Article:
Chose this for the C236 chipset after a long deliberation and much research. Had read mixed reviews on the board but I've had zero problems with it. Has been running in my HTPC / file server 24x7 for the last 3 months with zero issues. Only reason I wouldn't give it 5 stars is lack of USB 3.1 and the fact that using the M2 slot means one less SATA port can be used (which could be an issue if you have massive amounts of data).

Case

Have always loved the GD07 and GD08 for their looks, size and cooling. Ultimately chose the GD07 because of the two 5.25 bays which gives me more storage space if I need it down the track. Theoretically, if you wanted to use 2.5" drives in those bays you'd fit 21 hard drives in this machine. Plus, the locked cover helps avoid accidental shut downs at the hands of my 2-year old son. I'm using the in-built Silverstone fans which run very quiet. My only criticism is that with the motherboard I chose (ASUS P10 WS ATX) it's a pretty tight fit and there is very little room for cables, especially if you have a lot of storage. Silverstone advertise this case can take bigger boards, but I honestly can't imagine how they'd fit.

Power Supply

First time building with a fanless PSU and I can definitely say - this one lives up to the hype. I'm using it in my HTPC / file server which sits in the lounge room so quiet operation was important for me. Definitely glad I spent a bit extra on the Nightjar for this reason.

Comments Sorted by:

Robertbert 1 Build 1 point 17 months ago

Thanks for sharing! I am planning an upgrade to Ryzen/DDR4 in the next 6 months for our main pc, and then re-purpose the current set up to a similar purpose to what you have. I plan on using Ubuntu Server and the only function other than server/plex I am planning is use of various utilities for media creation/management, so no need for gaming hardware. Was your previous system running ECC memory? Any thoughts on the subject?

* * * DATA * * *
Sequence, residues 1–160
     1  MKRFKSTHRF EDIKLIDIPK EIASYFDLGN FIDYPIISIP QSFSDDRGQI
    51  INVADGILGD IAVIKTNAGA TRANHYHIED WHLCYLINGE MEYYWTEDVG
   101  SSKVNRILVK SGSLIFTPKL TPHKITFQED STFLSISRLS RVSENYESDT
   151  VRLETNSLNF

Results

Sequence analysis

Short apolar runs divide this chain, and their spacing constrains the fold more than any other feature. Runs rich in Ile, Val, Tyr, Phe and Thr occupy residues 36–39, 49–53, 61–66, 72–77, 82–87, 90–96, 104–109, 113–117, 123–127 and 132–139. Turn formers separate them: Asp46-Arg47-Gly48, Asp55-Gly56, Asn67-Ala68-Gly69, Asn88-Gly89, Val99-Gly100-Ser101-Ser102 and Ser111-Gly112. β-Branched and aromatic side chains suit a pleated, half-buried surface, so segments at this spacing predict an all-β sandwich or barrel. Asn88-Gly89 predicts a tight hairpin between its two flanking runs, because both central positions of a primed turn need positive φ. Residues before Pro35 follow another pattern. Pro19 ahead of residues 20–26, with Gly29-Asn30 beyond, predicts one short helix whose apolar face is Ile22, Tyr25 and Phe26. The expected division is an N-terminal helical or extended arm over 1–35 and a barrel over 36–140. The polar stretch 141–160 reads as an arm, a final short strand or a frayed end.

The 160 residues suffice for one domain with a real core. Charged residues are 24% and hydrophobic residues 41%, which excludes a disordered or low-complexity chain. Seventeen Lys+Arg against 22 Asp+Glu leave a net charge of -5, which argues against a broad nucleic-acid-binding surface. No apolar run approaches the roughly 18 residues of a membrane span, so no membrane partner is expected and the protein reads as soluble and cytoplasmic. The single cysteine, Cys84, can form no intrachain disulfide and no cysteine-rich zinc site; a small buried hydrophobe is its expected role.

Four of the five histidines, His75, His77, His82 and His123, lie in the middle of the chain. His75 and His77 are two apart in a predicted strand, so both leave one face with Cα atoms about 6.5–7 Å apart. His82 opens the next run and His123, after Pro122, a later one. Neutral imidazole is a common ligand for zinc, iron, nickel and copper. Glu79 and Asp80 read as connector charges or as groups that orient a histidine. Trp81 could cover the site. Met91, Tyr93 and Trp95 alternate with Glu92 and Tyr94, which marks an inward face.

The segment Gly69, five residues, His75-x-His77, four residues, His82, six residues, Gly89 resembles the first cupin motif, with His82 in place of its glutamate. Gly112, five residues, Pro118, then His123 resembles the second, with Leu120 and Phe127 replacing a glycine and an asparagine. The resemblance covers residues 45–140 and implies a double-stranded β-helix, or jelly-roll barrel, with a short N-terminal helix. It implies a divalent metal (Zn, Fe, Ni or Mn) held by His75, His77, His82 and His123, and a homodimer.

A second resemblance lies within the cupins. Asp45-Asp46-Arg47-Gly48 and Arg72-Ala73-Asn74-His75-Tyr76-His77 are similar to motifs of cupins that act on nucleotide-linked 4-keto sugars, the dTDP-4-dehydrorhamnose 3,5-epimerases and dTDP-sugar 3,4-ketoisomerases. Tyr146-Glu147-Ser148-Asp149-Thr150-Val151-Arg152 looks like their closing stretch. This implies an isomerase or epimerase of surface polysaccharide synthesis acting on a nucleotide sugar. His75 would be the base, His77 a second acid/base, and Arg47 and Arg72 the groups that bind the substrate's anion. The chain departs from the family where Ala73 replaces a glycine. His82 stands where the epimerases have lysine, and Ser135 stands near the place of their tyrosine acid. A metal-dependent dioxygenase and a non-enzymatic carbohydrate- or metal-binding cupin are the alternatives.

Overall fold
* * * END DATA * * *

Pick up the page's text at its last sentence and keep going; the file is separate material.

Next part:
Robd82 submitter 1 Build 2 points 17 months ago

First time running ECC. My only thoughts are what I've gathered from online research, that being it's more reliable with lower failure rates, but you only tend to reap these rewards from systems running under load for long periods of time. Downside is that it won't come in higher ram speeds and that its more expensive, but for my purposes 2400mhz is more than enough and the cost wasn't prohibitive.

Vicepter 3 Builds 1 point 17 months ago

I had no clue there were 1151 xeons. Nice build

Robd82 submitter 1 Build 1 point 17 months ago

Thanks! Yep, these are considered entry-level Xeons and are pretty good value for money even for normal home/desktop use.

Vicepter 3 Builds 1 point 17 months ago

Is that a standard chipset and is there much of a difference between this and a 7700k

Robd82 submitter 1 Build 1 point 17 months ago

They are pretty similar. The 7700k is clocked higher, but the Xeon uses much less power (72W vs 91W). Depends on the use. For a pure gaming system I'd go the 7700k especially if you want to OC, but for a home server the Xeon makes more sense.

The C236 chipset is mainly for workstation / server builds but can run any 1151 CPU. It's very much a standard chipset, just less common.

Vicepter 3 Builds 1 point 17 months ago

Yeah, I'd never seen a chipset like that before.

Brainiarc7 1 point 13 months ago

One question: How many M.2 slots are on this motherboard?

According to Asus, they mention a pair, and highlight that installing an M.2 SSD (SATA or NVMe) will disable a grey SATA motherboard connector. Could you confirm, based on your build?

Robd82 submitter 1 Build 1 point 13 months ago

There are indeed 2 and use of either will disable a corresponding SATA connector. So if you used both M.2 slots you could only add 6 SATA drives. This is a bit of a trade off if you’re building something to store a lot of data (which I am) so I’m left with capacity for 7 big drives. But I suppose you could always add a RAID card for more down the track.